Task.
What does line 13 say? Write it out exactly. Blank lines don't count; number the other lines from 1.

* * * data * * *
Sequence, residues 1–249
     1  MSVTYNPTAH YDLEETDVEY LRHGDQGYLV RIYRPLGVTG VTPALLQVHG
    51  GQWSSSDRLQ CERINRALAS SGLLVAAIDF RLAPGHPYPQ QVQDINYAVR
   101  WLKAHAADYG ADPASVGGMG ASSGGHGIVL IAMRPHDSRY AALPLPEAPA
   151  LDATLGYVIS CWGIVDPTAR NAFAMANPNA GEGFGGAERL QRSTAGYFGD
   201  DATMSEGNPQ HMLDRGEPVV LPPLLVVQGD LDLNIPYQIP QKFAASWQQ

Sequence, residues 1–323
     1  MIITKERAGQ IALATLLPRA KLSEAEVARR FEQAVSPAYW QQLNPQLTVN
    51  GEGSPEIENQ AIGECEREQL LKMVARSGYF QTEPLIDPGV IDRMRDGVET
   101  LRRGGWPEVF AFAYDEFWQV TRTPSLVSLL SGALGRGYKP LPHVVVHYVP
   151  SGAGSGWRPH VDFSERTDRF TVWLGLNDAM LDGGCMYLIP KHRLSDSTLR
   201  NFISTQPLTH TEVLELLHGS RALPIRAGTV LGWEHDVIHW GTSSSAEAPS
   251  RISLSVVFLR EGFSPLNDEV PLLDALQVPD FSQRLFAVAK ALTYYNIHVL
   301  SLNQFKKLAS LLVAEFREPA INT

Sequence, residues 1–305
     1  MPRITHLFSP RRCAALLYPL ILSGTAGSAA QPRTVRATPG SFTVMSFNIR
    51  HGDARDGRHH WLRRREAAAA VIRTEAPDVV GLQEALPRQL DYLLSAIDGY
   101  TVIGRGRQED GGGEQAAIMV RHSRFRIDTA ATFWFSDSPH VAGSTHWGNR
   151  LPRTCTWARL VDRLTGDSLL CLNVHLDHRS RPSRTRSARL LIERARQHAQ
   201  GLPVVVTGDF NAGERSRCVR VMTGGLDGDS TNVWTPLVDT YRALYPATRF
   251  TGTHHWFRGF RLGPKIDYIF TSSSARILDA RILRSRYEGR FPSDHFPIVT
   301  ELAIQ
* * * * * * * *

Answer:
   251  RISLSVVFLR EGFSPLNDEV PLLDALQVPD FSQRLFAVAK ALTYYNIHVL